A python is a type of snake common in Africa, Asia, and Australia. They are some of the longest snakes in the world. Though their size varies, some species can take down entire antelopes.
A python doesn’t kill by using venom. Instead, it wraps itself around the body of its prey and squeezes them to death.
This sounds like it takes quite a lot of force, but just how strong are pythons?
Pythons can constrict with a force of at least 7.8 PSI depending on their size. Compared to some other constrictors and even the human grip, this is not very strong. However, pythons are strong enough to kill their prey by stopping the circulation of blood to the brain.
Pythons Are A Whole Scientific Family
A python is not just a single snake species; it’s a family of snakes that, according to the San Diego Zoo, contains 33 different species.
It can be easy to confuse a python and a boa constrictor (another family of snake) because they look very similar. However, pythons are only found in Africa, Asia, and Australia, which makes them “Old World” snakes.
Boas are found both in those locations and in North, South, and Central America.
The largest reticulated python currently on record reached 348 lbs. and 25 feet long.
How Strong Are Pythons?
In a study from 2015, 48 reticulated pythons were tested for their peak constricting pressure (kPa). The researchers found that the pythons could exert pressure up to 53.77 kPa, or 7.8 pounds per square inch (PSI).
Their constricting strength may even be even higher in a non-lab setting. Despite this, the grip strength of an average person outstrips a python.
In comparison, the average 20-24 year-old human can apply between 60 and 101 pounds of force when squeezing.
This is partially due to their girth, as, despite their length, other types of snakes can be a lot heavier. An anaconda, for example, is much bulkier than a python.
An anaconda that’s 17 feet long is estimated to weigh as much as a 24-foot python. That puts the python over 41% larger in length while being of equal weight.
Pythons Bite, Then Squeeze
Little research has been done on the strength of a python’s bite. A case study in 2014, however, describes how a 13-foot reticulated python’s jaws had to be forced open with a screwdriver.
According to this case, python bites in humans are rare, with only 1-2 cases reported each year. They typically only bite in defense or as a way to subdue their prey if needed.
When defending, a python will strike and then immediately release, in an attempt to scare away a threat. If attacking for prey, the bite serves as a way to immobilize the prey for constriction.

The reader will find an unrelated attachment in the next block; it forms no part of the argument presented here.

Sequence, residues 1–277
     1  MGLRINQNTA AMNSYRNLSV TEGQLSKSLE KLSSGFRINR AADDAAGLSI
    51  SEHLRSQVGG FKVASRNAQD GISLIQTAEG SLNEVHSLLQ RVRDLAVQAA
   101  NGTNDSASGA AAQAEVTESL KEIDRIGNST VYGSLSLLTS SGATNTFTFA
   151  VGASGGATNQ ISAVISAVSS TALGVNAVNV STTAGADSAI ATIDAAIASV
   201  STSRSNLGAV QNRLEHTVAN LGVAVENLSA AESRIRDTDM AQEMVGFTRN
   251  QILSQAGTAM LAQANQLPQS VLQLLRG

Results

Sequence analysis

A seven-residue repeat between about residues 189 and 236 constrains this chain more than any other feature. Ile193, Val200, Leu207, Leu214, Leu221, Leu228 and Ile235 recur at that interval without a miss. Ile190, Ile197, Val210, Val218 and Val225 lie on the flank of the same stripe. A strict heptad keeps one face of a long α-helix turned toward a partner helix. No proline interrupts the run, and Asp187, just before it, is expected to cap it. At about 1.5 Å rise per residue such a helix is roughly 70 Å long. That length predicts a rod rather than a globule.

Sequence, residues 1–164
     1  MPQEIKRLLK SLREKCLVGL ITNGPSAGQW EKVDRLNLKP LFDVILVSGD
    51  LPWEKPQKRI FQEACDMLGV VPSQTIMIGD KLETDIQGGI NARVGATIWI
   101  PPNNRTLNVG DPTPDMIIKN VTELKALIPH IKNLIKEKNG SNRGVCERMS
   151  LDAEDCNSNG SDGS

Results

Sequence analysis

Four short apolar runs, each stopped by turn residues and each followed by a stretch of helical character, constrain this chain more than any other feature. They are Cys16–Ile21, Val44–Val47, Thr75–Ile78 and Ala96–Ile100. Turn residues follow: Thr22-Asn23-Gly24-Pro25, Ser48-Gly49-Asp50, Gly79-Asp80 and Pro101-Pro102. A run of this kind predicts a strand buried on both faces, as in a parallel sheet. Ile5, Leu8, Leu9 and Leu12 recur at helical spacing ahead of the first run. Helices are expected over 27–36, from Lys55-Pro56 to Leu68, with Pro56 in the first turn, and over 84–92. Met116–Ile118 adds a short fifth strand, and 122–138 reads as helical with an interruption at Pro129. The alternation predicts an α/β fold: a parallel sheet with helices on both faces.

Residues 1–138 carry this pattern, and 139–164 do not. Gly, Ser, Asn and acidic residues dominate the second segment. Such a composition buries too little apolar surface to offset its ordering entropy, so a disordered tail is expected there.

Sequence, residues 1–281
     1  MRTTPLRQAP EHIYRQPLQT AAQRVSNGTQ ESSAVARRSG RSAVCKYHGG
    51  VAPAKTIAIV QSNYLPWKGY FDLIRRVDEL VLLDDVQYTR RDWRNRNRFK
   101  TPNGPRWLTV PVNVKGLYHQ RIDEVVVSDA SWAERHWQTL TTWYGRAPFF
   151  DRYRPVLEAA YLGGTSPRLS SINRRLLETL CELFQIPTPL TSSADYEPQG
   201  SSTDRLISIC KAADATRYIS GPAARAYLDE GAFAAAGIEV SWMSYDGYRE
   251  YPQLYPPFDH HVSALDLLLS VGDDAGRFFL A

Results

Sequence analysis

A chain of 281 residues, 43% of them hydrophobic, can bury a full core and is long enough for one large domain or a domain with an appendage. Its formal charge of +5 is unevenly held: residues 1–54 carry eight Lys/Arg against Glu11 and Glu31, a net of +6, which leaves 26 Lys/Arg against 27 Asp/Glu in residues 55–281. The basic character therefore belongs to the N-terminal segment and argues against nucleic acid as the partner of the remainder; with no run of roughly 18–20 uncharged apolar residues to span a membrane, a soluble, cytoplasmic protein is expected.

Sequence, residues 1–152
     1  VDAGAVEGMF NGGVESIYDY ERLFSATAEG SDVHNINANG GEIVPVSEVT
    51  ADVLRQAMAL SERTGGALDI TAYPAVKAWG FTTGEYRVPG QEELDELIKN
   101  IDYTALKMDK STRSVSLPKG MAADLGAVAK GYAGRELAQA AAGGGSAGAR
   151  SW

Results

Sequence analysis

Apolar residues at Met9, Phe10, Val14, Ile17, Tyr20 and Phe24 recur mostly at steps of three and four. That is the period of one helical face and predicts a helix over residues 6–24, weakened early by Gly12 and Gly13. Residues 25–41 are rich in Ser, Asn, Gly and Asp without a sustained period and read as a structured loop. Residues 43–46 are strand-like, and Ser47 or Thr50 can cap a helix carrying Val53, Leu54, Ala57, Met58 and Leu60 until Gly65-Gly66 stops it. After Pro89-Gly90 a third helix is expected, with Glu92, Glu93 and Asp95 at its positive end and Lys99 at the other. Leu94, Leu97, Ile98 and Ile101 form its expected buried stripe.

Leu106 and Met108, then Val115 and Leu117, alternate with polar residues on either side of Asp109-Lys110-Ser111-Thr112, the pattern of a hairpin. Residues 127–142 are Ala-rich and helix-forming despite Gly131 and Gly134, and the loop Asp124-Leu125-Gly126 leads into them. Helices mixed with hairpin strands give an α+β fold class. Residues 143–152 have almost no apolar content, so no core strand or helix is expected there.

Once the prey is caught in the python’s backward-facing teeth, the snake quickly loops itself multiple times around the body and begins to squeeze.
Pythons kill their prey by looping their long bodies around the prey and squeezing them to death. It was once thought that the prey died from suffocation, but more recent studies show that’s doubtful.
The more likely explanation has to do with blood pressure. The snakes squeeze their prey until the blood flow is cut off from the brain.
A 2015 study found that 91% of a group of rats killed by pythons showed signs of cardiac electrical dysfunction (death caused by the arrest of the circulatory system).
Humans may be stronger than pythons, but it can still be hard to get away if they decide to squeeze you around the middle.
If circumstances were just right and your arms were fully caught in a python’s coils, you could be dead with minutes.
A constrictor snake uses force to kill its prey. To do so, it has to be able to squeeze at least as much as it takes to cut the blood flow off from the brain.
Pythons are a family of constrictor snakes that includes over 30 different species. These snakes have a wide range of sizes, from 23 inches to over 30 feet long. This means that their strength range also varies.
The reticulated python is not only the longest type of python, but is also the longest snake in the world. It’s one of the strongest types of pythons, but it’s not as strong as other constrictors such as the anaconda.
Even the average grip strength of a human is greater than the constricting force of the strongest python. Pythons only have enough strength to kill animals up to the size of an antelope, although large specimens have been known to attack and swallow humans in rare situations.